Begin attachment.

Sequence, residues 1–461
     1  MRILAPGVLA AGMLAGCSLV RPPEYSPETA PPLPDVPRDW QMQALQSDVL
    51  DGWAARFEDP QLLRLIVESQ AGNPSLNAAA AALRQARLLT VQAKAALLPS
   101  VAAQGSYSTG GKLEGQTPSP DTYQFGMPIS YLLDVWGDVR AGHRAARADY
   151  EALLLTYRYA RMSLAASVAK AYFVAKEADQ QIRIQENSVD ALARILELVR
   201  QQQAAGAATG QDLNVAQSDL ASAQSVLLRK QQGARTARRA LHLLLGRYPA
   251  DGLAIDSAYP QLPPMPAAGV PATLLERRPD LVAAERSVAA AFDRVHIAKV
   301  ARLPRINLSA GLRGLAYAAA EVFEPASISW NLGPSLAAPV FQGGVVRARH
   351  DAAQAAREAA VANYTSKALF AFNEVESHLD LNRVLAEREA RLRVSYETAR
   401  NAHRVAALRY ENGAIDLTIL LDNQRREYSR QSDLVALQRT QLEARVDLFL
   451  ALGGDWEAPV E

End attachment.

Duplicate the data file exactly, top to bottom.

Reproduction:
Sequence, residues 1–461
     1  MRILAPGVLA AGMLAGCSLV RPPEYSPETA PPLPDVPRDW QMQALQSDVL
    51  DGWAARFEDP QLLRLIVESQ AGNPSLNAAA AALRQARLLT VQAKAALLPS
   101  VAAQGSYSTG GKLEGQTPSP DTYQFGMPIS YLLDVWGDVR AGHRAARADY
   151  EALLLTYRYA RMSLAASVAK AYFVAKEADQ QIRIQENSVD ALARILELVR
   201  QQQAAGAATG QDLNVAQSDL ASAQSVLLRK QQGARTARRA LHLLLGRYPA
   251  DGLAIDSAYP QLPPMPAAGV PATLLERRPD LVAAERSVAA AFDRVHIAKV
   301  ARLPRINLSA GLRGLAYAAA EVFEPASISW NLGPSLAAPV FQGGVVRARH
   351  DAAQAAREAA VANYTSKALF AFNEVESHLD LNRVLAEREA RLRVSYETAR
   401  NAHRVAALRY ENGAIDLTIL LDNQRREYSR QSDLVALQRT QLEARVDLFL
   451  ALGGDWEAPV E